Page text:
Trying to Remain Relevant

The challenging market has led JEA to consider its business options. “We’re working on designing an entity that can best serve the needs and desires of the customer,” Zahn told POWER. That could mean staying status quo or taking the utility private.

“When the word privatization comes up, people have a visceral emotional response,” Zahn said. “I think the debate of public versus private really misses the mark, and it ought to be a debate about how to best organize to serve your customer. The most basic question in business is: ‘What resources, talent, and capabilities does the organization need to serve the customer?’ This is the question our board and leadership are attempting to answer.”

Zahn explained that, as a government-owned utility in Florida, JEA has a substantial number of constraints imposed upon it through the government organization, the Florida Constitution, different state statutes, and the city charter, which is ultimately the organizational document that dictates those things JEA can and cannot do. As JEA’s leadership looks forward and thinks about how to best serve the customer, there are a number of innovative things the utility would like to do but can’t under its current structure.

For example, there may be opportunities to help customers adopt more rooftop solar, behind-the-meter storage, demand-side management solutions, distributed water systems, or data algorithms that allow JEA to provide customers better, lower-cost and more-reliable services. However, current government constraints prohibit JEA from participating in these technology-enabled markets. Zahn said the lending of credit is another great example. The Florida Constitution prohibits government entities from lending credit to any “corporation, association, partnership, or person.” That ties JEA’s hands in some cases.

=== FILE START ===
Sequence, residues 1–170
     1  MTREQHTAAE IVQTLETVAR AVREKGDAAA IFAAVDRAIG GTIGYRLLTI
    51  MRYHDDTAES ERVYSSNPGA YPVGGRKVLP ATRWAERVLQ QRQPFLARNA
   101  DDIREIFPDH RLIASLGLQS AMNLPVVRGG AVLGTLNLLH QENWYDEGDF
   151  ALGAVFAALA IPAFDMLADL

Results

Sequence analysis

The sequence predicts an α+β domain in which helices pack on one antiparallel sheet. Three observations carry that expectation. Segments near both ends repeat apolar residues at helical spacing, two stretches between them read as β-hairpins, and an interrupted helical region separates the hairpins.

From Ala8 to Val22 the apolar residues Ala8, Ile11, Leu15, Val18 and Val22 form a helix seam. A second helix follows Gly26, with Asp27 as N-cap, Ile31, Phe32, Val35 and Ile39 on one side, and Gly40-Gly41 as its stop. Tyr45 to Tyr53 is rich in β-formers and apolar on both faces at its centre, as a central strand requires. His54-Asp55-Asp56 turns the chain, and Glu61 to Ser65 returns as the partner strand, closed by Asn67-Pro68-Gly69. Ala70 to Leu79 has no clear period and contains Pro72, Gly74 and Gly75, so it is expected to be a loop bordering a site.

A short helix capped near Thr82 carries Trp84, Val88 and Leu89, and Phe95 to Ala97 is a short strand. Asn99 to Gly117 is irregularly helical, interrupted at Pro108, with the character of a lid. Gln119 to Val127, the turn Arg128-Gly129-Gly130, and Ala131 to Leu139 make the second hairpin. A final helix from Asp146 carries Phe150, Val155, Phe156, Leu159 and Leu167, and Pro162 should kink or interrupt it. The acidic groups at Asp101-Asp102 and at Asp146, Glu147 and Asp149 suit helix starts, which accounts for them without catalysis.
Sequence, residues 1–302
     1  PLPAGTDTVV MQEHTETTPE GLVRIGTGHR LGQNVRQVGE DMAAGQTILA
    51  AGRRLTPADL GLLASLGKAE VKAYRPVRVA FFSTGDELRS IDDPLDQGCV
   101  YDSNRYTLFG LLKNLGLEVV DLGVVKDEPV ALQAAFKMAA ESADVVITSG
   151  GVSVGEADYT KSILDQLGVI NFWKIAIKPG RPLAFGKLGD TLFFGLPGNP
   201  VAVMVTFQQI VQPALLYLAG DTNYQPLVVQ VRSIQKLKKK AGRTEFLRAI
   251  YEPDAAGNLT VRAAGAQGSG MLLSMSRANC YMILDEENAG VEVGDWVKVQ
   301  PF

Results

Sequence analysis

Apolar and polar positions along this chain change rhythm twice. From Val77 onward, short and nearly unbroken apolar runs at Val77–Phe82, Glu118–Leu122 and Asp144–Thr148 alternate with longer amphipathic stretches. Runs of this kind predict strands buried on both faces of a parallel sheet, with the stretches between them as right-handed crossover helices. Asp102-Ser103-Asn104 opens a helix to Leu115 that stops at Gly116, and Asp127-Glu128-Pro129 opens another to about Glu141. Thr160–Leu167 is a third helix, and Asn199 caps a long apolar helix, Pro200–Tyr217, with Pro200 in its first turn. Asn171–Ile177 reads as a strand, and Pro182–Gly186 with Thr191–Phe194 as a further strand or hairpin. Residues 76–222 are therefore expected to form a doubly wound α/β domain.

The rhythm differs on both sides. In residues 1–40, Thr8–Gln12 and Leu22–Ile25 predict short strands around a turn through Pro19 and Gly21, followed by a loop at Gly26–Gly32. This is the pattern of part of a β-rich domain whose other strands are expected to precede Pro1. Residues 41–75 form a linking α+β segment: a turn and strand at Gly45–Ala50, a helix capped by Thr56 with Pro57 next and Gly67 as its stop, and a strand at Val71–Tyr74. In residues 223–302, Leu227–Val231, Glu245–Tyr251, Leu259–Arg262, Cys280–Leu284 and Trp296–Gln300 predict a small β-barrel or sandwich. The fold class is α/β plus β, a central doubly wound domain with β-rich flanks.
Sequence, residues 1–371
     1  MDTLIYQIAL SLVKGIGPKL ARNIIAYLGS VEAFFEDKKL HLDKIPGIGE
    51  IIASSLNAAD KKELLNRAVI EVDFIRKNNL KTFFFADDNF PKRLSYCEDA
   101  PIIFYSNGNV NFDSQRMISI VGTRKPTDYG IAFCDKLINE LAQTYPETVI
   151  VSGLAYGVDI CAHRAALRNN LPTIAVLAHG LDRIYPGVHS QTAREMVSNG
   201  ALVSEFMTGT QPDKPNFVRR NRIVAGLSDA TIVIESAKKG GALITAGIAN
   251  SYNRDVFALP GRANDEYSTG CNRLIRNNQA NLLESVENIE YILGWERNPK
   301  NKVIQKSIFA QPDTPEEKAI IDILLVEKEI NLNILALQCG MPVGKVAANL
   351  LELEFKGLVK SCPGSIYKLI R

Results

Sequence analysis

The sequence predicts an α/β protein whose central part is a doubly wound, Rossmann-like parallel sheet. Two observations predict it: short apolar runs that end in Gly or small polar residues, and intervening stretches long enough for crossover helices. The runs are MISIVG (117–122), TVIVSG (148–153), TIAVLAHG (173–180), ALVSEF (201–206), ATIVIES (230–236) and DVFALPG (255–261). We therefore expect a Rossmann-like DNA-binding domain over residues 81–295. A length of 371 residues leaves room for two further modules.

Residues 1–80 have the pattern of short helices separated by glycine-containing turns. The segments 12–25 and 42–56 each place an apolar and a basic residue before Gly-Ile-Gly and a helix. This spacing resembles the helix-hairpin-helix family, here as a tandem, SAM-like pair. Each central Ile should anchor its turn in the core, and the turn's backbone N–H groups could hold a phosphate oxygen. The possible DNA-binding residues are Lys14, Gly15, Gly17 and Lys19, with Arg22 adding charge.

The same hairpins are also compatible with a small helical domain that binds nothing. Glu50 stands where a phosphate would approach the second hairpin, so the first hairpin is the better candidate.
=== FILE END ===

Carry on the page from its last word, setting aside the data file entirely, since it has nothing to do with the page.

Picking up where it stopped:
“The influx of technology is causing us as an entity to recalibrate on the tools and resources we may need in order to remain relevant for our customer, both now and in the future,” said Zahn.

“However, it’s important for everyone to understand that no decision has been made one way or the other,” Zahn said. “We’re simply doing a very open and transparent scenario-based strategic planning process where we are envisioning different future states.”

In the end, should JEA’s board decide a non-governmental structure is the best option for serving customers, the Duval County voters will have the final say in the matter, because a countywide vote would be required to transfer more than 10% of JEA’s assets to another entity.

“It’s a very simple policy question,” Zahn said. “Do the citizens of Duval County want JEA to be designed to shrink as the market we exist in becomes more competitive and has more private-sector participation through adoption of technology or do they want the utility to be positioned to grow and remain relevant as our market and customer demands change?” ■

Aaron Larson is POWER’s executive editor.